To give some personal examples, for instance: my brother, sister-in-law and my two-year old nephew recently relocated from London to Dubai. Initially, the idea was just a 'let's see what happens if I apply' situation. When this materialised, it was a shock to the system: coming to terms with the fact that they won't be a fifteen minute journey away anymore (more like seven hours...) and we will miss our weekly live entertainment from my two-year-old nephew).
For them, this was a serious decision to get out of their comfort zone after almost two decades, including important lifestyle changes such as foregoing the luxury of having easy access to the pub, to needing an alcohol-license for the nominated male of the household (no, not my nephew). Jokes aside, I can only imagine how scary it could be to work somewhere so different (so hot!!) and adapt to their culture, save money and also live a fulfilling life, while they are out there.
Having said that, they overcame the inertia of preferring to stay where they were in life, based on a comprehensive SWOT analysis, and decided to relocate as the opportunities to experience a 'new life', to learn, and to meet new people from all over the world outweighed the sacrifice of their 'comfort zone'.
As a sibling, from my point of view, I see this as an exciting opportunity to come up with a new routine, travel to Dubai more often, explore the city and the surroundings of the U.A.E and also get to hear all about life in the Middle East through them.
the low point...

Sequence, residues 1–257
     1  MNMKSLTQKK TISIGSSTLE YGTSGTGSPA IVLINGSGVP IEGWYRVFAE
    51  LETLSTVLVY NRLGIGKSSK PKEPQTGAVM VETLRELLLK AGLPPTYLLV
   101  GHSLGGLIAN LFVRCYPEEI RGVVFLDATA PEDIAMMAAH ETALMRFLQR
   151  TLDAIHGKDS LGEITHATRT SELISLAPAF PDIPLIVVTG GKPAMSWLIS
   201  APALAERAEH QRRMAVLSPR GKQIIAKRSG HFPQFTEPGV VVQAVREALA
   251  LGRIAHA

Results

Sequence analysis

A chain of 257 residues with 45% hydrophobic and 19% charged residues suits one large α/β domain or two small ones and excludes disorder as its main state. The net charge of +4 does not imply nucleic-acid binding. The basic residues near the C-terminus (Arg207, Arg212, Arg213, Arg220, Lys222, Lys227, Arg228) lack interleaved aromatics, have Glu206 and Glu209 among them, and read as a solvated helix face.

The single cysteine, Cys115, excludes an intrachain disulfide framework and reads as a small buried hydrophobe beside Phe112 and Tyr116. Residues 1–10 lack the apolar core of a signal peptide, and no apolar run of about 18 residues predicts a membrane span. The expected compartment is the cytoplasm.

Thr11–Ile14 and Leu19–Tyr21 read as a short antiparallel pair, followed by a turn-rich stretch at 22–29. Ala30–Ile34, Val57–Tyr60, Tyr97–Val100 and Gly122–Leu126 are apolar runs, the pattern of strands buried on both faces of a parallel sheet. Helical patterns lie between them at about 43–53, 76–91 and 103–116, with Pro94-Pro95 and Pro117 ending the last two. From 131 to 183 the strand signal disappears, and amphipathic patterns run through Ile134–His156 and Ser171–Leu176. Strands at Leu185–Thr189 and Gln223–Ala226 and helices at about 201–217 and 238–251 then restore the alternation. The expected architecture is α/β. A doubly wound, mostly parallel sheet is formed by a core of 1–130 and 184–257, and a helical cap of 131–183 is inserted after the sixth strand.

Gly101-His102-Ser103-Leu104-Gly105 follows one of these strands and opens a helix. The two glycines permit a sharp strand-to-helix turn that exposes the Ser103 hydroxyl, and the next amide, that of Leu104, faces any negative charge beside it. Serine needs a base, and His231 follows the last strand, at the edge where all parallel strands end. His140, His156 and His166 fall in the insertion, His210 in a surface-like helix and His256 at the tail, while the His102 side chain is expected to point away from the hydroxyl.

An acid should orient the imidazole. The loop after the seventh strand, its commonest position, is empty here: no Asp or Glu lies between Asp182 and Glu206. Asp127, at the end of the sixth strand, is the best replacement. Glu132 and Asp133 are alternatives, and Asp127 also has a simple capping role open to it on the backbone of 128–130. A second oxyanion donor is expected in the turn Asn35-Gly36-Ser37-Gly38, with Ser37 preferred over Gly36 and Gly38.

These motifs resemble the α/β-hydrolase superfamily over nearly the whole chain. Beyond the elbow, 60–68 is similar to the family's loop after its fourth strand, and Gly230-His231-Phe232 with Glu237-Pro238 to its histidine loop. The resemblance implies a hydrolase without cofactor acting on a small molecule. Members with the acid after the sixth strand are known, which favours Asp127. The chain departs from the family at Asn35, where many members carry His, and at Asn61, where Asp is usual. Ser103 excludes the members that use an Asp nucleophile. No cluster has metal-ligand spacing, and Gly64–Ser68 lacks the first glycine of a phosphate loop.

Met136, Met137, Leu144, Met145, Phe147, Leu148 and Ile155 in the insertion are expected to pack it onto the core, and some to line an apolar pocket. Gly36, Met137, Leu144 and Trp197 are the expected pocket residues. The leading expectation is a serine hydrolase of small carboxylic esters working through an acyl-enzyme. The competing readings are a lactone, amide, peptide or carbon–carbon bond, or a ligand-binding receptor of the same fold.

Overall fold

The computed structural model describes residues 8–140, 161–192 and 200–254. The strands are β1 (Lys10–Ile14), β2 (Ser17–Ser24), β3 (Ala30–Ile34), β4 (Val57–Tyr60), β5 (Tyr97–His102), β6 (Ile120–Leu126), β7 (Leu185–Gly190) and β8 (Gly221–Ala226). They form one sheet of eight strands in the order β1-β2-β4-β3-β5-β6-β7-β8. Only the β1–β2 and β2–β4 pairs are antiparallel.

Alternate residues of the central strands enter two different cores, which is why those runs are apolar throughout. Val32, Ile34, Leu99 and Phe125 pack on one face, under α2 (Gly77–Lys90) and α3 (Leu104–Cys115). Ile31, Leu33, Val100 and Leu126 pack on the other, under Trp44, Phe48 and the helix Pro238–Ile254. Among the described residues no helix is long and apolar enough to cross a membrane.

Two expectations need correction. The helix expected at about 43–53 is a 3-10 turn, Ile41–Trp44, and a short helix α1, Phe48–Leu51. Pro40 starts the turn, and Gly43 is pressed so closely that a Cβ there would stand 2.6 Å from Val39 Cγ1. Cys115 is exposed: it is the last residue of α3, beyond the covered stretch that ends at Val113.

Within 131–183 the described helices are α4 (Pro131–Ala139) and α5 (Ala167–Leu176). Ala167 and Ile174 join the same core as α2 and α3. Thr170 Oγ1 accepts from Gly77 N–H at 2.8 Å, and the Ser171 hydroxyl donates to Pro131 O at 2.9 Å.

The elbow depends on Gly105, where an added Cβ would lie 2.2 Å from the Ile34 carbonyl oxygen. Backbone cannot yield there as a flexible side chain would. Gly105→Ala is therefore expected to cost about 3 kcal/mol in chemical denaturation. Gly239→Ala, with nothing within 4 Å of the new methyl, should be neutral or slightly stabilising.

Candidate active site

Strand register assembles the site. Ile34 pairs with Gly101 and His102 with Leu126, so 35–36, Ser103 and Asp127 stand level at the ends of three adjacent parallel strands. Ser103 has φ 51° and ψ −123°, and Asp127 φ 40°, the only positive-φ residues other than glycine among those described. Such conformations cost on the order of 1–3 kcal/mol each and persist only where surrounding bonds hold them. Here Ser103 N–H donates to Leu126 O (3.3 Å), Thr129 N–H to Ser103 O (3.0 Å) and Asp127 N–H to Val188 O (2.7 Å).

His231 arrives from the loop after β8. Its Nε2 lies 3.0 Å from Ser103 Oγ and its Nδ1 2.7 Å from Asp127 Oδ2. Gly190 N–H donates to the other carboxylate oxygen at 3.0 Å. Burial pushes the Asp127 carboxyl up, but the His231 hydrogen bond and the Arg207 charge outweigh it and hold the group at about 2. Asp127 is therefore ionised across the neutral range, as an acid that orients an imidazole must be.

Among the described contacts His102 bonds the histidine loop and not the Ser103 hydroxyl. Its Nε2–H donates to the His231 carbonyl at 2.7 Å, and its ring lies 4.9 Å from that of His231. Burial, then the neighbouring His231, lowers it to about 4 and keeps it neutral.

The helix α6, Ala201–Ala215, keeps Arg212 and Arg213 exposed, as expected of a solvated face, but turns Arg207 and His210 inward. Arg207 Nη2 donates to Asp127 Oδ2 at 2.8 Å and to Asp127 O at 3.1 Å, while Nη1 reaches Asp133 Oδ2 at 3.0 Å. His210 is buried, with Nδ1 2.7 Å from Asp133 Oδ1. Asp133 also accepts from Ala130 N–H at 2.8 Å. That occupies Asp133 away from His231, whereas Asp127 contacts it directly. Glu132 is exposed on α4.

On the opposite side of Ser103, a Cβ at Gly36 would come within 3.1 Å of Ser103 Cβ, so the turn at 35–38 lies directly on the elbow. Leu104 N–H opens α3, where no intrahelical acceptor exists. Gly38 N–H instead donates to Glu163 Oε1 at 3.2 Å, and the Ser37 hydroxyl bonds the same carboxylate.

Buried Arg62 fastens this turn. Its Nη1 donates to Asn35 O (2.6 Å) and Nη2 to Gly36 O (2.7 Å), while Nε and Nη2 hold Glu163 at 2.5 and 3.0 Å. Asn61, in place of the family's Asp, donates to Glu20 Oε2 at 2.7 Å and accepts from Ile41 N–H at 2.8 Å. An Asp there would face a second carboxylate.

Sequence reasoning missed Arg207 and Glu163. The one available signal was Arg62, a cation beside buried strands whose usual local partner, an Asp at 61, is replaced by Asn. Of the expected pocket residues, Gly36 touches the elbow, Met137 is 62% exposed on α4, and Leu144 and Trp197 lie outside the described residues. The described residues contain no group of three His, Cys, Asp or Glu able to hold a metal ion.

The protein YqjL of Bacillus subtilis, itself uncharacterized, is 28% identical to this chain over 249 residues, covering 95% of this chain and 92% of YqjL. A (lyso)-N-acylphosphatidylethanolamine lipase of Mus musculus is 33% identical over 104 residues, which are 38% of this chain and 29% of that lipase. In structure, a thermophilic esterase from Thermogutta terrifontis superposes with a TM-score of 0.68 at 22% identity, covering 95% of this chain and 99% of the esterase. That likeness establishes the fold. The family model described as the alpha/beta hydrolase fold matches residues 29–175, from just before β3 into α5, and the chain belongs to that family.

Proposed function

Having said all the positive things about coming out of inertia and the benefits of going through change, we can't ignore the fact that not all changes are good or work out well for everyone. Sometimes we could be left in a serious situation if say, we suddenly lost a loved one or we lose our jobs and have nowhere to stay. At that point in time, there may be little or no reason why that would be a good thing. However, if there wasn't hope, there wouldn't be a life worth living. I have mentioned 'optimism' earlier, and I believe that it's all about how we try to gradually turn the situation around, to the best of our abilities, with the given circumstances, over the long run. I have to admit that some of the most memorable things I have experienced in my life so far, was either a trigger for change, or because of change.
The moral of this article, at least for me, is that we all experience inertia in different levels and forms, whether it's physical or mental. However, we can look at it as an opportunity, find ways to adapt to make them work for us and also accept 'what is’...